ALEPPO, AFP – 31.1o.2012 – Analysts say clashes in the north, where the country’s 15 percent Kurdish population is heavily concentrated, stem not just from distrust, but from a struggle for power and control with Syria’s future deeply uncertain. Some rebels say they are anxious to keep a ceasefire and nervous about opening a second front in a war they are struggling to win without international support.Any escalation would be all the more worrying after 30 people were reported killed in Aleppo on Friday in the deadliest FSA-PYD clashes of the uprising.
Peter Harling, analyst at the International Crisis Group, says the PYD has successfully exploited the uprising, creating friction with the armed opposition particularly in the all-important Turkey border area. “There is a lot of competition between these opposition armed groups over the weapons transit route. That fact that many of the border points are in fact controlled by the Kurds, has created some tension with the Kurds too,” he says.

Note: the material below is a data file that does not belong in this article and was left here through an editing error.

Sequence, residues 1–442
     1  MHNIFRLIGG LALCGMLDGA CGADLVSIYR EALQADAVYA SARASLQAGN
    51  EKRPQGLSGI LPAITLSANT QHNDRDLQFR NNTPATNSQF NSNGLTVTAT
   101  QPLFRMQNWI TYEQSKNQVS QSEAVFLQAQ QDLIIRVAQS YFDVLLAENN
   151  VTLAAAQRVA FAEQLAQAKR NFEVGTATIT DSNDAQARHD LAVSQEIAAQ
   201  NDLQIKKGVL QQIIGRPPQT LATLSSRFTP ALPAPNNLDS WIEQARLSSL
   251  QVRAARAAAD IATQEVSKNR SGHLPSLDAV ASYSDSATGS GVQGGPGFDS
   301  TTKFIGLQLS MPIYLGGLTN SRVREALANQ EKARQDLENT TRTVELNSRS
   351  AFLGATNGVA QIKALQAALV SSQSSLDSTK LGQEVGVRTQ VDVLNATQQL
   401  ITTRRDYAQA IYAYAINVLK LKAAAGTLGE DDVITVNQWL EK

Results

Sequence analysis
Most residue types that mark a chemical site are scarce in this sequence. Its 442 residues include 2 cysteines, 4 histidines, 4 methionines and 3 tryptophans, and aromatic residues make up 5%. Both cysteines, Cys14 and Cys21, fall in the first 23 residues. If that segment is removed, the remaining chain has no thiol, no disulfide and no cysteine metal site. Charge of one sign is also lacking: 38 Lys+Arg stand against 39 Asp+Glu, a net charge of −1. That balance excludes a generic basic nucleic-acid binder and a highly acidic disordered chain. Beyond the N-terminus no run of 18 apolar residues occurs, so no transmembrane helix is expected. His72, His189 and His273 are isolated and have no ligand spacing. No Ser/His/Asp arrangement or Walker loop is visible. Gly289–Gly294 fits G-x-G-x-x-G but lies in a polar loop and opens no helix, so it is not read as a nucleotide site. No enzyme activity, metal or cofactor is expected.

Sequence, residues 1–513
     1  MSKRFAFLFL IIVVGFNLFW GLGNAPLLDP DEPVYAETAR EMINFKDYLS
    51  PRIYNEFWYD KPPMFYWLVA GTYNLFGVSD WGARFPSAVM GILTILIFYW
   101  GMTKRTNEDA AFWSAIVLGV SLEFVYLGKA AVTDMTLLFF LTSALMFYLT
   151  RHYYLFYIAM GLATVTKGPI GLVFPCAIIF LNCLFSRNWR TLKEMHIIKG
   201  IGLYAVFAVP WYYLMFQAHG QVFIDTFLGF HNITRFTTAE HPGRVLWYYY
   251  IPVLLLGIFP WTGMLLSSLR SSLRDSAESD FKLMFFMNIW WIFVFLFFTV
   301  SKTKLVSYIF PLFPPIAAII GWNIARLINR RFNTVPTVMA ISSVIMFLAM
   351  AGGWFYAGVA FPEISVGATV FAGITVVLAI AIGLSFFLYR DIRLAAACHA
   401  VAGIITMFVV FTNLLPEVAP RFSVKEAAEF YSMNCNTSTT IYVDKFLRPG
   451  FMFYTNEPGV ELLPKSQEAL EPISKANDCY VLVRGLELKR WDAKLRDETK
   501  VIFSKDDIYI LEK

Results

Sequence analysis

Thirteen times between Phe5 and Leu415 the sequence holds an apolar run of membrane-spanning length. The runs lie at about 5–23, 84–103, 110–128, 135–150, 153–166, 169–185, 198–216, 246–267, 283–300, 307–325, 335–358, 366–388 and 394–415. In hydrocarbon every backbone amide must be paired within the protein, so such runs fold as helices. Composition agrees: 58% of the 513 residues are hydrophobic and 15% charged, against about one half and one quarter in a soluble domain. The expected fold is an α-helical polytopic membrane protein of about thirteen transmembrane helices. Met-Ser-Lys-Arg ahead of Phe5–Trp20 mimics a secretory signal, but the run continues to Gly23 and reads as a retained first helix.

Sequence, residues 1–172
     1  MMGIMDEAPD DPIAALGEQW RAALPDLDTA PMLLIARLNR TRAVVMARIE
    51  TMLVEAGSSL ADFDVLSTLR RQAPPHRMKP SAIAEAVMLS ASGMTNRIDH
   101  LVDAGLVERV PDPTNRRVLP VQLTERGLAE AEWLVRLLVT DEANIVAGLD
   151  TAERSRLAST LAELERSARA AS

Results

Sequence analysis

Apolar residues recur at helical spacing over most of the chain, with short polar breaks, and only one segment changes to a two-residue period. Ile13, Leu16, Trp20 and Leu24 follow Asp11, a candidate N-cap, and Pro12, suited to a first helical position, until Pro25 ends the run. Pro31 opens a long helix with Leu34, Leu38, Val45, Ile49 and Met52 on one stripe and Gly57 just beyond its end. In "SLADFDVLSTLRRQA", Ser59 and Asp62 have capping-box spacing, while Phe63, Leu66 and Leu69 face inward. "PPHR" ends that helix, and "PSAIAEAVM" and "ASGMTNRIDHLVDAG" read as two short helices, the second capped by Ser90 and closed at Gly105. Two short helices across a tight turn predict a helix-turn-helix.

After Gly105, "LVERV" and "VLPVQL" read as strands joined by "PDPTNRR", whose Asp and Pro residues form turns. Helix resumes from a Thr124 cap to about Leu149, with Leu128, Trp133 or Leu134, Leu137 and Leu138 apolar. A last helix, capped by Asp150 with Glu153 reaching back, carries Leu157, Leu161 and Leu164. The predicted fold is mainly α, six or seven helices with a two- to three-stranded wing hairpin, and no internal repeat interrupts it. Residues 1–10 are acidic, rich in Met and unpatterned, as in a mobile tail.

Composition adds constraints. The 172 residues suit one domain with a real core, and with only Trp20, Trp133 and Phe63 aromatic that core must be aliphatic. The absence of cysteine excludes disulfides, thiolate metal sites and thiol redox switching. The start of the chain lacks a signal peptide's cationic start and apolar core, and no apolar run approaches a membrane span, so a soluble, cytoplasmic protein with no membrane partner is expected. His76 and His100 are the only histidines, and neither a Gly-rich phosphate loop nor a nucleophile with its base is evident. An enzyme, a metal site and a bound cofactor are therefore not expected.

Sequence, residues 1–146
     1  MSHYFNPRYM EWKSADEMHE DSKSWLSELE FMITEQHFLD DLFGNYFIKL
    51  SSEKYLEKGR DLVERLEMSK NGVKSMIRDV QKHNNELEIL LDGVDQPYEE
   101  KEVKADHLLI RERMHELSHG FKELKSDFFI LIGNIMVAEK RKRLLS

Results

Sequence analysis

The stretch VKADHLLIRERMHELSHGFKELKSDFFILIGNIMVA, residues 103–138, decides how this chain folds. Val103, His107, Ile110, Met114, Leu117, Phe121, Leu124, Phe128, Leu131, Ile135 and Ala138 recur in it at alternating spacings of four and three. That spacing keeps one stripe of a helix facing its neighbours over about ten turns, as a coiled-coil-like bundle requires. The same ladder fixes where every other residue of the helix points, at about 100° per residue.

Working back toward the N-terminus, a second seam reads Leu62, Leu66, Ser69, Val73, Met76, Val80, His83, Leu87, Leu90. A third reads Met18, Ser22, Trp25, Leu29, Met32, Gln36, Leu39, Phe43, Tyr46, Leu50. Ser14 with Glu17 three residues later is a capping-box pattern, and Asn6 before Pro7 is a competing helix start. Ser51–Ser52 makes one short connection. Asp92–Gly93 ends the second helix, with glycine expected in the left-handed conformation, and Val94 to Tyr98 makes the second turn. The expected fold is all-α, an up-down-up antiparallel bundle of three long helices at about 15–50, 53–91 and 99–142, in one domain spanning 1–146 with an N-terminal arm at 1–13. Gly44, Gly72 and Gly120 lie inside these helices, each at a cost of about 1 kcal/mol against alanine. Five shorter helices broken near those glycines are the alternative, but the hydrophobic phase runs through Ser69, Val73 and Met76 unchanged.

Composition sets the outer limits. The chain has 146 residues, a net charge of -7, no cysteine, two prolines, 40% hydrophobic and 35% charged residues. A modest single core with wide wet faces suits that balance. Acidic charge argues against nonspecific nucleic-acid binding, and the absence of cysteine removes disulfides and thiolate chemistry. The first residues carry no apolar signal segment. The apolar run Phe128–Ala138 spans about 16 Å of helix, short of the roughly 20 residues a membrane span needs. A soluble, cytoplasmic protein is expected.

Harling believes the PYD wants to stay out of the conflict as far as possible, essentially neutral, but determined to profit whatever the outcome. Observatory director Rami Abdel Rahman says armed groups have adopted practices of the regime and voiced fears that communal tensions may grow in the north. “In areas where rebels have forced the regime out, there is a security vacuum. Some of the fighters don’t want democracy at all, they’re just warlords who are taking advantage of the chaos,” says Abdel Rahman.